I have a question/thought about PR0. We know that PR is actually not measured in whole numbers. So, does it not stand to reason that some sites that show a PR0 in fact just have a PR lower than 1? If it is possible to have a PR that falls between 4 and 5, etc., it must also be possible to have a PR between 0 and 1, right? If a page had a PR that was less than 1, wouldn't it show as PR0.

#26 Arnvid

Arnvid

    Gravity Master Member

  • Members
  • 159 posts

Posted 11 July 2003 - 09:42 PM

Hi Aaron - a lead to add to the list (a bit late maybe, but the topic is still valid I guess :roll: ).

"One question... speaking of writers. Who here knows of decent writers (or where I can find some) that doesn't cost an absolute fortune?"


Ron and Ammon - Good ideas and links

Let me first say that I don't think you will find too many who will / can do technical or directly commercial writing - then on the other side it’s not always that part that's needed. Wendy in another thread got her site "Parenting Resources" and I'm not sure she solely should use technical writings about children - :twisted:

With that said, have a look around www.suite101.com for writers.
Here its easy to find them as they are listed under a directory
http://www.suite101.com/directory.cfm
but also under "communities"
http://www.suite101.com/coi/

Here you can look at the writers existing articles as every writer must publish a minimum of one article a month and you can look at their profiles.

Some are amateurs and other professional writers, but nobody got a chance to get in without being accepted by the managing editor for each area. Suite101 are close to fanatic about plagiarism and any editor found in that ditch will never get a second chance (I know as I was senior managing editor there for a few years) - so one should not be that worried about buying "stolen" text (such happens unfortunately).

Before the writers at the suite was paid a symbolic sum of 30 dollars a month, but when we in a period had 1500 writers that was a cost for those who had the moneybag. Today they write for free and it’s only about 600 writers there (but the number is climbing). Still don't expect them to write for free for a site, especially if it’s a business site. On the other hand, write politely to them and show them that you actually have been reading some of their articles (some spam suite101 for writers, and that is not too popular) - and my guess is that one most often will end up with a win/win solution and price.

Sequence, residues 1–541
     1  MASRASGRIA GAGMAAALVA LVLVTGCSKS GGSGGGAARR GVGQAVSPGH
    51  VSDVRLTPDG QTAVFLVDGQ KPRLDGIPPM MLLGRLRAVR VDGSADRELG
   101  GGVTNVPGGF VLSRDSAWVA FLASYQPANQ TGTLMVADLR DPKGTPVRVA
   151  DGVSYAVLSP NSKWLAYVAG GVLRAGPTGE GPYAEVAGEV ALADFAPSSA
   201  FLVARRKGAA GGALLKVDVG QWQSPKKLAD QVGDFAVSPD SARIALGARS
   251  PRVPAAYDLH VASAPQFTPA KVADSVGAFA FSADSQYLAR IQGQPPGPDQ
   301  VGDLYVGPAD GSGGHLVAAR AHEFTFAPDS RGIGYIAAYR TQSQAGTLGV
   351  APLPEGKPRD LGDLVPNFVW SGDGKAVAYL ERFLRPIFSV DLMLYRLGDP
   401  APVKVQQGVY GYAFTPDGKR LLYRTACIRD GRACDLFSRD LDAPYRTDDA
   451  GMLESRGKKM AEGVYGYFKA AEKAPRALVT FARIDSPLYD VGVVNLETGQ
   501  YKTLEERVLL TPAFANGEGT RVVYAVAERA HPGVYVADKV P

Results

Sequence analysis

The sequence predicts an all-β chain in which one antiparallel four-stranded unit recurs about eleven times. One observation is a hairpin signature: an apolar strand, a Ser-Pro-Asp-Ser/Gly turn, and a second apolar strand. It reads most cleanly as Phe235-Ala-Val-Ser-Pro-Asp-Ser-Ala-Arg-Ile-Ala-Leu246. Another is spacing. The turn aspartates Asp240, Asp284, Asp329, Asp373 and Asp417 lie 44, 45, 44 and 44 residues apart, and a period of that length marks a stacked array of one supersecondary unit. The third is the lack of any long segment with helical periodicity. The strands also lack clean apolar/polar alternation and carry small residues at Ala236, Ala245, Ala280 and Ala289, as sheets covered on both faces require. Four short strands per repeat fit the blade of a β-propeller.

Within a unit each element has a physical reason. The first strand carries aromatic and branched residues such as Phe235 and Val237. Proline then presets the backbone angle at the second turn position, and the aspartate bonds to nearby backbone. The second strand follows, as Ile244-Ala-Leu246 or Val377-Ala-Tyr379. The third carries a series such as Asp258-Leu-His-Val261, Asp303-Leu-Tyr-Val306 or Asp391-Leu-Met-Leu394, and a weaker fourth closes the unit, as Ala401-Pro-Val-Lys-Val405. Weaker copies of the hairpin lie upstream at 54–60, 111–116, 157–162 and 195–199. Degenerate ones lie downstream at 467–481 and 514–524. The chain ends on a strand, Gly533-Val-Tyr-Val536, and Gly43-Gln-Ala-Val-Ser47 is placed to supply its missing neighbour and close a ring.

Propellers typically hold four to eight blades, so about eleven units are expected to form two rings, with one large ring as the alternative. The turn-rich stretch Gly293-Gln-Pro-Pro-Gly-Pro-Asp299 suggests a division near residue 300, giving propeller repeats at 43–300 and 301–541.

Mind you, the suite got many highly established writers as well, just look at the profile of Billy Marshall Stoneking
http://www.suite101....cfm/stoneking31
Billy have been writing Paramount's "Mission: Impossible" and the ABC's "Stalker", lots of stage plays that has been staged in Sydney, Melbourne, London, Dublin, Massachusetts, and more. Add to that a very decent number of books.

Then on the other side there are writers publishing their first article ever at the suite. The plus is that all have been "filtered" before accepted so there is a certain minimum level of their writing.

You got very much the same setup at About.com, but most editors at about are earning quite decent from that site, so my guess is that you would have to pay more if you ask there. The level of writers on both sites is not that different and a lot of the about.com writers came over to the suite as they found more freedom there - even if loosing the pay.

Hope that lead can be of help to someone, and if I can be of help or maybe put any in contact, please feel free to let me know. That is especially since all the best writers who don't of different reasons don't write there any more (personally I just had no more time available to do it) have their topics "achieved" as you can see from one of my old articles
http://www.suite101....al_travel/62663

So if the writer you absolutely need is "achieved" and the listed email address don't work, let me know as well and I will try to see if I can find her/him.

Bottom-line is that what Ammon say here:

"Employing a writer to create a dozen articles may actually be cheaper than paying someone to spend weeks on a reciprocal linking campaign"


My guess is that this statement is one that just will increase in importance.

In short, good and related content is always a good place to start. So far I can’t see content going out of fashion - :?

#27 glyn

glyn

    Sonic Boom Member

  • Hall Of Fame
  • 2486 posts

Posted 15 July 2003 - 02:45 AM

For instance, slippers (unique slippers, but slippers nonetheless). What kind of "I want to link to that" content can be created about slippers?


Try newsletter lists for elderly people. Something like Saga springs to mind. Or you might be able to do a deal with one of those insurance companies that advertise on the TV duyring the afternoon asking for people who are "over 60" to renew with them.

As for linking campaigns. I would never have a site where the reciprocal links came from and landed on the same webpages.

Also, something that has not been mentioned, and I am slightly surprised by this. Ir maybe it has and I missed it...

If you wanted, you could always put your reciprocal link inside a piece of Javascript like is done on this forum. That way your link will not be indexed by a search engine, PR will not be diluted and if the neighbourhood goes bad, it's not going to matter.

In the end the best way to do a linking campaign is to find one site a day and send a personal email to them telling them why its a good thing to exchange links. In this way the approach is measured and carefully thought out. You could always keep a scratch pad, copying sites you see in your daily surfing to your notepad for future campaigning. That way, in a year you'll have 360+ (including a couple of days off!) sites, which if linked correctly will probably take position 1 on most of the search engines.

Hope this helps.

#28 farees

farees

    Whirl Wind Member

  • Members
  • 54 posts

Posted 17 July 2003 - 05:29 PM

Well the thing about quality content writers is true, its very hard to find them for a reasonable price, but hey if you just pay peanuts you get monkeys.